Everyone is required to sign a standard liability release form before the trip, acknowledging awareness that there are inherent risks associated with the trip. Due to the nature of the activities, a condition of your participation is that you will sign this form and return it to our office before the trip begins. Anyone who refuses to sign the form will not be allowed to participate, and consistent with O.A.R.S. International cancellation policy, there will be no refund of the trip fees at that time.
Responsibility – An Important Notice
O.A.R.S. International, Inc., Sea & Adventures, Inc. and cooperating agencies act only in the capacity of agent for the participants in all matters relating to transportation and/or all other related travel services, and assume no responsibility however caused for injury, loss or damage to person or property in connection with any service, including but not limited to that resulting directly or indirectly from acts of God, detention, annoyance, delays, and expenses arising from quarantine, strikes, theft, pilferage, force majeure, failure of any means of conveyance to arrive or depart as scheduled, civil disturbances, government restrictions or regulations, and discrepancies or change in transit over which they have no control. Reasonable changes in itinerary may be made where deemed advisable for the comfort and well-being of the participants, including cancellation due to water fluctuation, insufficient bookings (this trip requires a minimum of 4 guests), and other factors. There is risk in sea kayaking, particularly during rough water conditions. Sea kayaks, skiffs, or other boats do capsize. You could be swept overboard. Your guide will make every attempt to assist, but you must be strong and agile enough to “self-help” without further endangering yourself or others. We reserve the right not to accept passengers weighing more than 260 pounds or with a waist/chest size exceeding 56 inches. We are experienced at accommodating people with various disabilities. Please give us an opportunity to make you feel welcome. However, we need to discuss any special requirements ahead of time. We may decide, at any time, to exclude any person or group for any reason we feel is related to the safety of our trips. On advancement of deposit the depositor agrees to be bound by the above recited terms and conditions. Prices and itinerary are subject to change without notice.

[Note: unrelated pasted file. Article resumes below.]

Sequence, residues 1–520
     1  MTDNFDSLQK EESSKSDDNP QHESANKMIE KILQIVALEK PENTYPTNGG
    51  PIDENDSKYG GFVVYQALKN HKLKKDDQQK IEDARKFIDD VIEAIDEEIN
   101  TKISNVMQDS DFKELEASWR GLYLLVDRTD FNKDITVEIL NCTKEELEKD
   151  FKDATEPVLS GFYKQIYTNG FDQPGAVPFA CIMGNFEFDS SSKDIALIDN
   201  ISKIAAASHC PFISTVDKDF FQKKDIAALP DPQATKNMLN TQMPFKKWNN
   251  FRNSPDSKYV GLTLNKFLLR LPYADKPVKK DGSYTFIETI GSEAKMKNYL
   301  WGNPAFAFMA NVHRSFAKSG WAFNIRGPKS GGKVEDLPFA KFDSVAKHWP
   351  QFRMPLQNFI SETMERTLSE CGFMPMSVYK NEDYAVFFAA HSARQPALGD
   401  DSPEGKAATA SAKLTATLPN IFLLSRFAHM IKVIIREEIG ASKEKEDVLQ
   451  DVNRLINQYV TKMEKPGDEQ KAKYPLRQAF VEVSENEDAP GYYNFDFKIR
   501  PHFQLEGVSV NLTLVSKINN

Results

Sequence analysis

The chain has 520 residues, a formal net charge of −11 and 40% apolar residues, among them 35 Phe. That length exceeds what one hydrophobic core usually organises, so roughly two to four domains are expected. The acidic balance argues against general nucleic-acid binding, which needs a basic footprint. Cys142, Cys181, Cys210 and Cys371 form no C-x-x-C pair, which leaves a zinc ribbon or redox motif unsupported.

OARS trips occur in areas where unpredictable environmental conditions are to be expected. To moderate dangerous situations for our guests and guides, it is important that all travelers obey the rules and regulations as determined by the managing agencies and the Trip Leader and demonstrate reasonable consideration for other guests and OARS employees. We reserve the right to remove any guest from a trip if, in our opinion, that guest’s actions or behaviors pose a threat to the safety of her/himself or others, or if those actions or behaviors compromise the enjoyment of the trip for others. Should a guest be asked to leave a trip, there will be no refund for the unused portion, nor will OARS be responsible for additional expenses incurred by the guest for accommodations, return transport, change fees, etc.
Sea & Adventures, Inc.
Sea & Adventures, Inc., a travel partner of O.A.R.S. International, is the operator of this trip. A representative will meet you at the start of the trip and escort you throughout the program. These staff members are the very best and will strive to ensure your complete satisfaction